The Crucible was first performed at the Martin Beck Theater on Broadway on 22nd January, 1953. The cast included Arthur Kennedy (John Proctor), Walter Hampden (Deputy-Governor Danforth), Beatrice Straight (Elizabeth Proctor), E. G. Marshall (Reverend Hale), Jean Adair (Rebecca Nurse), Joseph Sweeney (Giles Corey) and Madeleine Sherwood (Abigail Williams).
The play was not well received by the critics. As he pointed out in his autobiography, Timebends - A Life (1987): "I have never been surprised by the New York reception of a play... What I had not quite bargained for, however, was the hostility in the New York audience as the theme of the play was revealed; an invisible sheet of ice formed over their heads, thick enough to skate on. In the lobby at the end, people with whom I had some fairly close professional acquaintanceships passed me by as though I were invisible." Even so, the production won the Tony Award for best play of 1953.
Miller's next two plays, A View from the Bridge and A Memory of Two Mondays, were badly received. It is believed that this reaction was mainly due to political reasons. During this period Miller left his first wife Mary Slattery and on 25th June, 1956 married the actress Marilyn Monroe.
In 1956 Miller was called before the House of Un-American Activities Committee. Miller refused to testy, saying "I could not use the name of another person and bring trouble on him." In May 1957 he was found guilty of contempt of Congress, sentenced to a $500 fine or thirty days in prison, blacklisted, and had his passport withdrawn.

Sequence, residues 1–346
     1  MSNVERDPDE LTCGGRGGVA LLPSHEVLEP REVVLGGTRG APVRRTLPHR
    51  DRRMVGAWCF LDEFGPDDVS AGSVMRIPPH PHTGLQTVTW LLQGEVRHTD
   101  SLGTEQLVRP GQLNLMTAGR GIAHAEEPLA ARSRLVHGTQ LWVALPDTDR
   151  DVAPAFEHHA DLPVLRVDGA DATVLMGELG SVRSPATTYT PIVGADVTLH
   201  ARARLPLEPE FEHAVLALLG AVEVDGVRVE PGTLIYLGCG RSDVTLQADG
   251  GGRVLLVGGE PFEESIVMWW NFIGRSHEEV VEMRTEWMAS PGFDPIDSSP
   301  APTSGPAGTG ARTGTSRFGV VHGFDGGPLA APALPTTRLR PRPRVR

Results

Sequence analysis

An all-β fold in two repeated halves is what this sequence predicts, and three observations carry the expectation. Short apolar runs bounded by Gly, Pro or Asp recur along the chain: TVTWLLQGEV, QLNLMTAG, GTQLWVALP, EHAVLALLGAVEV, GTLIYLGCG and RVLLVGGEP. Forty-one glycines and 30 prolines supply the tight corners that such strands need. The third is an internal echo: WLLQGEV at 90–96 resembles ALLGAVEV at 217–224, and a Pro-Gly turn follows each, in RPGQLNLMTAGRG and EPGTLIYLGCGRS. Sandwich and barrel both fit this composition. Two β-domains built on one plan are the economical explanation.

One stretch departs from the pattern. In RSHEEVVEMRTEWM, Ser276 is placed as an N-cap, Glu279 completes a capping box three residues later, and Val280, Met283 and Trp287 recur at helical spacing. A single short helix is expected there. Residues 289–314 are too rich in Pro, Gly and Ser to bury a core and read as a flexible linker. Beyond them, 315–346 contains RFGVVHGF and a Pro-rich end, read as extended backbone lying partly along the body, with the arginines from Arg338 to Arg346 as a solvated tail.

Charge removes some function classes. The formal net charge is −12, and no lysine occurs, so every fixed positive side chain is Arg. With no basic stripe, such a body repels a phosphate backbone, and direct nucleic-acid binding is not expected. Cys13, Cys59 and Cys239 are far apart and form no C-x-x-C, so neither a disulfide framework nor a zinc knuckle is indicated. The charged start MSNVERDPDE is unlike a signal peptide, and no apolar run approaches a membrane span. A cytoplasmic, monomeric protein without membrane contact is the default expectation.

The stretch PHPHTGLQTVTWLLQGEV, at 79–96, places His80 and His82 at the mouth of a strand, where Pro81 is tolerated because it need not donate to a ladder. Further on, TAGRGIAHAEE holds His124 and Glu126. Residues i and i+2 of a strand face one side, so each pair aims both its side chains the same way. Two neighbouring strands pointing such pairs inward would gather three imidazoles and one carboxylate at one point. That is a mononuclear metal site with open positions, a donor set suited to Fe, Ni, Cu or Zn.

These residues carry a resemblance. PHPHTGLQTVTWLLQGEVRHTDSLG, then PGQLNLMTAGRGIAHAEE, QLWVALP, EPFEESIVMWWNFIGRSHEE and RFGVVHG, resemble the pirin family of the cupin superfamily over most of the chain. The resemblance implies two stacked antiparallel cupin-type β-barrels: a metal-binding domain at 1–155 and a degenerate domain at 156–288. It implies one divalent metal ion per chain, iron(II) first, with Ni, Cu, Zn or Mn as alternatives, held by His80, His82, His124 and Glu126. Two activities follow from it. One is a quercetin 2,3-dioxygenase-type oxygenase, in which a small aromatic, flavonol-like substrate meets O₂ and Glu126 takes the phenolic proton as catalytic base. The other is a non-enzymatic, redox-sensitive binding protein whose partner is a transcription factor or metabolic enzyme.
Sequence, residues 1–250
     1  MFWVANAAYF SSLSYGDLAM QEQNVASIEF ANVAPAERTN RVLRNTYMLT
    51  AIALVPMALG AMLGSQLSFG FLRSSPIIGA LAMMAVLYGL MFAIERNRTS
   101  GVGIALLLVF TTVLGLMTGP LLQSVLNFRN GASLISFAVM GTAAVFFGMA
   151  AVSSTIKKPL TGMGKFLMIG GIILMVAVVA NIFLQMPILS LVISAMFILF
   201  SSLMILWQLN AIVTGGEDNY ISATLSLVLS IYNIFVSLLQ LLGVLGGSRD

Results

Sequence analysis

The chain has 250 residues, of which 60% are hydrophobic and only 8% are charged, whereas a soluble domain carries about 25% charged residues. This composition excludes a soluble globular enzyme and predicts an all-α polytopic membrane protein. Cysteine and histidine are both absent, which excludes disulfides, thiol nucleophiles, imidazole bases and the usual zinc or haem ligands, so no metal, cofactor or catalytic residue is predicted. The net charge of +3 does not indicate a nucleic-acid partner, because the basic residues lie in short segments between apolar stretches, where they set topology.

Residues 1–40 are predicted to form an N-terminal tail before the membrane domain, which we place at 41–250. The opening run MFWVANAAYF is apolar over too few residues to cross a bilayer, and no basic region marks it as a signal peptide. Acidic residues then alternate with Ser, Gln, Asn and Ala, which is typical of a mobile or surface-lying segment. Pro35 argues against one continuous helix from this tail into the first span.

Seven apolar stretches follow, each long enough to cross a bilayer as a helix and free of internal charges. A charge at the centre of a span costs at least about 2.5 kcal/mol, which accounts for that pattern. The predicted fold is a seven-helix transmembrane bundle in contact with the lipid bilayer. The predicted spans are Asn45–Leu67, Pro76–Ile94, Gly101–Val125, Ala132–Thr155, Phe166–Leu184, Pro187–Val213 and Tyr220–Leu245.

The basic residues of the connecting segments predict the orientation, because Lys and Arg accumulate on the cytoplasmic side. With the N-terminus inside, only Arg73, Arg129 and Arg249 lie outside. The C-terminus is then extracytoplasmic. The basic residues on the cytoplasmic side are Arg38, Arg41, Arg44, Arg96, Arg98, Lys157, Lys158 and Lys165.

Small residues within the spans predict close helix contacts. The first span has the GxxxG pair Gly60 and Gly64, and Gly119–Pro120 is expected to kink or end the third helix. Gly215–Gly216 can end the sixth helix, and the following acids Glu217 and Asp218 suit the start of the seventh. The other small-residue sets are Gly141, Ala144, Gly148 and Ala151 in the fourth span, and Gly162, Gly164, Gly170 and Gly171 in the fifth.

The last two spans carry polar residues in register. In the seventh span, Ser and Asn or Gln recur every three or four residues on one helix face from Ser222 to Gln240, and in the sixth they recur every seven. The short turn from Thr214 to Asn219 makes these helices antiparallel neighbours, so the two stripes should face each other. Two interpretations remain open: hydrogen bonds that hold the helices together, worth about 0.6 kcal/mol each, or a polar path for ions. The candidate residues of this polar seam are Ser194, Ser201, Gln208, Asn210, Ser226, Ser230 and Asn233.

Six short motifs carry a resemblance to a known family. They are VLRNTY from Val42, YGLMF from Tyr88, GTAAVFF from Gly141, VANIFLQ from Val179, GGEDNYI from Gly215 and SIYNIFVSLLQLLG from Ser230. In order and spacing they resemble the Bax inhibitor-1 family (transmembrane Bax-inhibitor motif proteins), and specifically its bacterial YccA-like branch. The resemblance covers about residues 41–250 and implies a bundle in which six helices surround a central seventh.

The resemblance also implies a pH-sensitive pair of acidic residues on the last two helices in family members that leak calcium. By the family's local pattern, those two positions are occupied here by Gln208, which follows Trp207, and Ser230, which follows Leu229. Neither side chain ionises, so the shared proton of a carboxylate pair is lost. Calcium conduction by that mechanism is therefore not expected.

After the Hollywood Blacklist was lifted in 1960, Miller wrote the screenplay for the movie, The Misfits (1961). The film starred his wife but later that year they were divorced. 19 months later, Marilyn Monroe died of an apparent drug overdose. After her death Miller married Inge Morath.
Miller's next play was After the Fall. Starring Barbara Loden, Jason Robards Jr. and Faye Dunaway it opened on 23rd January, 1964 at the Anta Theatre on Washington Square. It appeared to be based on his relationship with Monroe. He later admitted that everything he had written was based on somebody he had seen or known. However, the critics thought it was wrong of him to write about his marriage to a woman who had committed suicide. His next two plays, Incident at Vichy (1964) and The Price (1968), saw a return to form.
Other plays by Miller included: The Creation of the World and Other Business (1972), The Archbishop's Ceiling (1977) and The American Clock (1980). Miller also wrote an impressive autobiography, Timebends - A Life (1987). Miller continued to write plays and the best of these include The Last Yankee (1991), The Ride Down Mt. Morgan (1991), Broken Glass (1994), Mr Peter’s Connections (1998), Resurrection Blues (2002) and Finishing the Picture (2004), a return to the subject of Marilyn Monroe.